My First Album: Mika – Life In Cartoon Motion


When I was six years old, I heard the opening lines of ‘Grace Kelly’ for the first time and I was hooked.

A fun, upbeat vocal workout along the colours of the rainbow, with a nod to Freddie Mercury thrown in for good measure – it was clear that a new star was emerging. Mika was unapologetically himself from the offset, chastising the record executives who tried to force him to be somebody he’s not, and I loved him for it; I even named my pet hamster Humphrey after the final line of the song. It was number one in the UK charts for 5 weeks, subsequently became the third biggest selling single of 2007 (behind ‘Bleeding Love’ and ‘Umbrella’, no less) and was the lead single of Life In Cartoon Motion, the third biggest selling album of the same year.

The album’s success was well-deserved as it contained some of the most iconic songs of the year. ‘Relax, Take It Easy’ is a disco-like dance track, and yet its lyrics convey his fear at being on the tube on the day of the 7/7 London bombings. ‘Lollipop’ is a message to his younger sister warning her about getting her heart broken; ‘Love Today’ and ‘Big Girl (You Are Beautiful)’, the other big singles on the album, are similarly feel-good tunes with catchy refrains that celebrate love (or lust) in all its forms. However, the slower tracks on the album are where he really shines; ‘Happy Ending’ can still be found today in the background of any emotional reality TV moment, and is a truly beautiful but heartbreaking song. ‘Any Other World’ is a track that I never really appreciated at the time, but absolutely love now – it deals with the emotions of having to ‘say goodbye to the world you thought you lived in’ at points in your life where everything is going wrong.

Life In Cartoon Motion is the album that most people think of when they think of Mika, and will always be his most commercially successful, but as he has matured his work has got better and better. His sophomore album The Boy Who Knew Too Much spawned the singles ‘We Are Golden’, ‘Rain’ and ‘Blame It On The Girls’ which all follow on nicely from the work of his debut, but his third album The Origin Of Love is where his talent as a songwriter really came into its own. Every track on the album is brilliant, with dance-pop songs such as ‘Stardust’ and the Pharrell Williams collaboration ‘Celebrate’ being most reminiscent to his earlier work, alongside (in my opinion) some of the best songs he has written, including ‘Make You Happy’ and the album’s title track. Next came No Place In Heaven, which deals more openly with his sexuality for the first time, and most recently 2019’s My Name Is Michael Holbrook. As you can tell from the title, this album seems a lot more personal than his previous work, with ‘Paloma’ telling the story of his sister’s near-fatal accident and ‘Tiny Love (Reprise)’ featuring her vocals as well as those of his mother. Again, some of his best work is on this album; ‘Sanremo’ transports you to the Italian coast, while the Jack Savoretti collaboration ‘Ready To Call This Love’ is an utterly gorgeous love song.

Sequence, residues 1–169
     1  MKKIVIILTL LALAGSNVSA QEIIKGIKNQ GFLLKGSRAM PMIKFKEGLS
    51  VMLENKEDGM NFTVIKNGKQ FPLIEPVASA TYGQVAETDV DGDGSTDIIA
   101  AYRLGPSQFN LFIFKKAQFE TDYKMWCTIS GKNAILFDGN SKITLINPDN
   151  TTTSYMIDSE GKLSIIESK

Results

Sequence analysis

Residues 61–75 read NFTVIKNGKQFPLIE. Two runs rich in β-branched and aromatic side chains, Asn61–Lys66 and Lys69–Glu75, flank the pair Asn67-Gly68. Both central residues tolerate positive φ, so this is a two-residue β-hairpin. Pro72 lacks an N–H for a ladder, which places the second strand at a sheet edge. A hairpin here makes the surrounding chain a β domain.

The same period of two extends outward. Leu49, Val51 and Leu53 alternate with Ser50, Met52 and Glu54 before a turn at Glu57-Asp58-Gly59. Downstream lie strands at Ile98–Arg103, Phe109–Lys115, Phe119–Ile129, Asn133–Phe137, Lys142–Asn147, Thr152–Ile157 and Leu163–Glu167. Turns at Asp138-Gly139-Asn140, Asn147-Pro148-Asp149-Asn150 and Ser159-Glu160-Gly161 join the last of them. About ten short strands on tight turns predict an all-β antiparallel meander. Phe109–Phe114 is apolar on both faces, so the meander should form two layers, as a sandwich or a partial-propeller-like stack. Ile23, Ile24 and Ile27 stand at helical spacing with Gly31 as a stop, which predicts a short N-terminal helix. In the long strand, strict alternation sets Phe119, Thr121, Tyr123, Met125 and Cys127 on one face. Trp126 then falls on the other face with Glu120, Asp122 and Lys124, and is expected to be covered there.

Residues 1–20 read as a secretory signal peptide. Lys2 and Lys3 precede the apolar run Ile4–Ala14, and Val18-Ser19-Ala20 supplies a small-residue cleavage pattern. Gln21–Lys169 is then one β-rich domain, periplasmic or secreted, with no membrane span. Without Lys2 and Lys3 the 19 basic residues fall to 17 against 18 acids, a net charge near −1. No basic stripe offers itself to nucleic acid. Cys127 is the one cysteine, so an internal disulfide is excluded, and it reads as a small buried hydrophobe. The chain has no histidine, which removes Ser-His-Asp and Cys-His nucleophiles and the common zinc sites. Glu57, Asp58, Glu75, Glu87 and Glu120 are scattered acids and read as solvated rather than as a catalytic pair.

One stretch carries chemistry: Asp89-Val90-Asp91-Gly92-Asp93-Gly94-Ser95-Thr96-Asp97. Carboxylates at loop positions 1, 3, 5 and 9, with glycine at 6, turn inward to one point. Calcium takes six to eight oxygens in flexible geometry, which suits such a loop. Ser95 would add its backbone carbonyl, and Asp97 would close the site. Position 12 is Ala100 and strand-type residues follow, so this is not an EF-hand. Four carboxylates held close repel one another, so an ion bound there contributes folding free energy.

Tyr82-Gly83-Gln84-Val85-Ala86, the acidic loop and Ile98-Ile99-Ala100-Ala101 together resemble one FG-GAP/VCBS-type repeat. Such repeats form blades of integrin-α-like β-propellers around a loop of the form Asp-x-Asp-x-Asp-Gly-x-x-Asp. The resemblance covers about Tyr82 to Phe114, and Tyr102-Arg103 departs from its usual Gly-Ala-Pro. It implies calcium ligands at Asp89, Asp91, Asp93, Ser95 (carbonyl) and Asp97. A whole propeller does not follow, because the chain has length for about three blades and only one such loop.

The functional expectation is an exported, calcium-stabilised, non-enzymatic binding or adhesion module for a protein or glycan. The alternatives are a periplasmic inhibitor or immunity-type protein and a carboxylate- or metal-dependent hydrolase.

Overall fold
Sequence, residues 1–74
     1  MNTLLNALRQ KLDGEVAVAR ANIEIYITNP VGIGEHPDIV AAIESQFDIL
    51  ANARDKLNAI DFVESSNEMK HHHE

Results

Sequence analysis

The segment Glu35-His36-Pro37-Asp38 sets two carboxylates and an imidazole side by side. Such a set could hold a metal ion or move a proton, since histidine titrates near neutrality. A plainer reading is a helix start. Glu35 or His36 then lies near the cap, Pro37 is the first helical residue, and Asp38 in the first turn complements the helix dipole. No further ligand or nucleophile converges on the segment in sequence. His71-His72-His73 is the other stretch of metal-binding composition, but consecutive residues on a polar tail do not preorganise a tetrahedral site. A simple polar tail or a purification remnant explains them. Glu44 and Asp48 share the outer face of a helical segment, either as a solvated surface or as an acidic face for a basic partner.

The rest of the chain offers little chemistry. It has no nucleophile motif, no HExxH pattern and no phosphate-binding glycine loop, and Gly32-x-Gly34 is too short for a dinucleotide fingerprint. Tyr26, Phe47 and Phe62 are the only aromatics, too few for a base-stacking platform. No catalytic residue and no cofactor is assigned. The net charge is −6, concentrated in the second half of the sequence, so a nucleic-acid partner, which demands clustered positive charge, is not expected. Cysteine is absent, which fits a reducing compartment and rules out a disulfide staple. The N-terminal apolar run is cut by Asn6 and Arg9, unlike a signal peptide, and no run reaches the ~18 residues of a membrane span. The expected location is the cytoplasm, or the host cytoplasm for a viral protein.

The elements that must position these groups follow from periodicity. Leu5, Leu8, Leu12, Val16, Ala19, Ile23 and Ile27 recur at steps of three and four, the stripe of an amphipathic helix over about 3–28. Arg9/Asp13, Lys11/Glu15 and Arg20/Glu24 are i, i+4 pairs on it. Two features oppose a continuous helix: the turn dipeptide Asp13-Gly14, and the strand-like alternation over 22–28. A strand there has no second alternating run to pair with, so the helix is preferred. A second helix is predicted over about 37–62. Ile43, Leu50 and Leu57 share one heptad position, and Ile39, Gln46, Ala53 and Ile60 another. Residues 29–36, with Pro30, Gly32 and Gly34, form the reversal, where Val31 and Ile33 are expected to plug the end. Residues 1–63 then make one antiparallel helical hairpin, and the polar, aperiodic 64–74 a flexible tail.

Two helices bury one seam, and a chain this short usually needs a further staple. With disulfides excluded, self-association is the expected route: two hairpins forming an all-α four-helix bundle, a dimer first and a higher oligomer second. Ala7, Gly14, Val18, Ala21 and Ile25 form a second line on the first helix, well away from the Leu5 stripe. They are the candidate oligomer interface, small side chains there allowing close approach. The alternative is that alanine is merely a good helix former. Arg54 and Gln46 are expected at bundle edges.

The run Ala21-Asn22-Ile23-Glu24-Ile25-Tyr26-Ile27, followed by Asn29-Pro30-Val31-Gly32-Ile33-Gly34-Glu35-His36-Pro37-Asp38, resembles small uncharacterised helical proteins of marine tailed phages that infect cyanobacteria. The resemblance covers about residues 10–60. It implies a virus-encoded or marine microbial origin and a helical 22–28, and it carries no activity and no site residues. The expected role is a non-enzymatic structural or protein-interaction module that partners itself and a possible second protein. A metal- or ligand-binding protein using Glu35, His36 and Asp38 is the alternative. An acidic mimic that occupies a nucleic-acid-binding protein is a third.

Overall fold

I absolutely adore Mika. I always have done, and always will, and Life In Cartoon Motion will always have a special place in my heart as the album where it all began.

Life In Cartoon Motion is out now via Casablanca Records. Listen to ‘Grace Kelly’ below:


About Author

English student, Culture/Film PR Officer 2020/21 and News Editor 2019/20. Can usually found listening to the same playlists and watching the same films over and over.

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